Smaller communities of 20 or fewer residents, and typically closer to between 10 and 15 residents, have an entirely different feel. Residents tend to be closer-knit and form tighter bonds. Whereas larger facilities present as a hotel-like environment, smaller communities are based in something more closely resembling a residential setting. Think bed and breakfast vs. hotel. The idea is to offer the resident something closely resembling the home they’ve lived in for many years. Activities tend to be more focused because a smaller population means that the community can cater to individual resident preference. Resident to caregiver ratios also tend to be much smaller, oftentimes as low as 6:1 which can be very beneficial to residents who may require greater attention.
There is no one type of community that is right for everyone. Depending on personality and required level of care, different personalities will thrive in different sized communities. Once you’ve determined the type of community that will make sense for you or your loved one, do a quick internet search of senior living communities in the area you are interested in living, such as Bergen County, New Jersey Senior Living.” Then contact them and then go visit them to tour the community.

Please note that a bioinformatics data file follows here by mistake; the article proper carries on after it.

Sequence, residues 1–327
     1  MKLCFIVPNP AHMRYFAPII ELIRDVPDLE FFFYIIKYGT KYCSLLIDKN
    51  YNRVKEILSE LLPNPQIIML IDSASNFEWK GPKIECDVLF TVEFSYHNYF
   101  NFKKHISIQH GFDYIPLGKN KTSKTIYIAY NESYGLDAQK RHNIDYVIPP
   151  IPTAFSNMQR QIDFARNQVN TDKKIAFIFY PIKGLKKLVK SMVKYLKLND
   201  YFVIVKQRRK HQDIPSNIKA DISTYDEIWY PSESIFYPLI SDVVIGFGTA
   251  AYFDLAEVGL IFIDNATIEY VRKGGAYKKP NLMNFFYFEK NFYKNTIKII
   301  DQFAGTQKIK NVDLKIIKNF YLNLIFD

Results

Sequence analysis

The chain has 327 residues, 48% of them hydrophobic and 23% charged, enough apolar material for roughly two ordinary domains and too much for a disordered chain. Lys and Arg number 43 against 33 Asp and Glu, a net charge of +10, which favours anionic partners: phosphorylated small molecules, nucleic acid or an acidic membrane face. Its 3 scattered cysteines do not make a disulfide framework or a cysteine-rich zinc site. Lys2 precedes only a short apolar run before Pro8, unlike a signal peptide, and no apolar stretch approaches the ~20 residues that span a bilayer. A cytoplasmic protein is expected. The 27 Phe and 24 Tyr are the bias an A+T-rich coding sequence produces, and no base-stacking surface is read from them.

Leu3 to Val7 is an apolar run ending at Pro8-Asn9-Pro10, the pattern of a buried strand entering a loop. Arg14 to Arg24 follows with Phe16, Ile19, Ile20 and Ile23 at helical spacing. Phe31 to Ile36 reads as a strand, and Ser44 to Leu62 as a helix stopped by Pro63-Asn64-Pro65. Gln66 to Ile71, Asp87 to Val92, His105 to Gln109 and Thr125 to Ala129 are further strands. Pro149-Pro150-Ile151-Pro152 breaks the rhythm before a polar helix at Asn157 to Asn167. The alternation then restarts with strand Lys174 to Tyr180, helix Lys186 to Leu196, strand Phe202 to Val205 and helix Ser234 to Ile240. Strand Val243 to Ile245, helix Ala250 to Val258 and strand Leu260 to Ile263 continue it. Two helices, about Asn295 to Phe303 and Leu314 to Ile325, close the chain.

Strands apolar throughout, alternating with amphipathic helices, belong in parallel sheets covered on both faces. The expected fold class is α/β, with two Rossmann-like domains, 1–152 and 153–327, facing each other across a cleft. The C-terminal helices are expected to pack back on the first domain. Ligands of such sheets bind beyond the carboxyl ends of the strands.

For more specifics on evaluating senior living communities, check out the Clover Hill Senior Living Step-by-Step Guide to Senior Living which will give you a great start for learning how to assess each community and make sure that you are making the right choice for you or your loved one.
For more helpful resources on learning about senior living, please visit the Clover Hill Senior Living Resources page.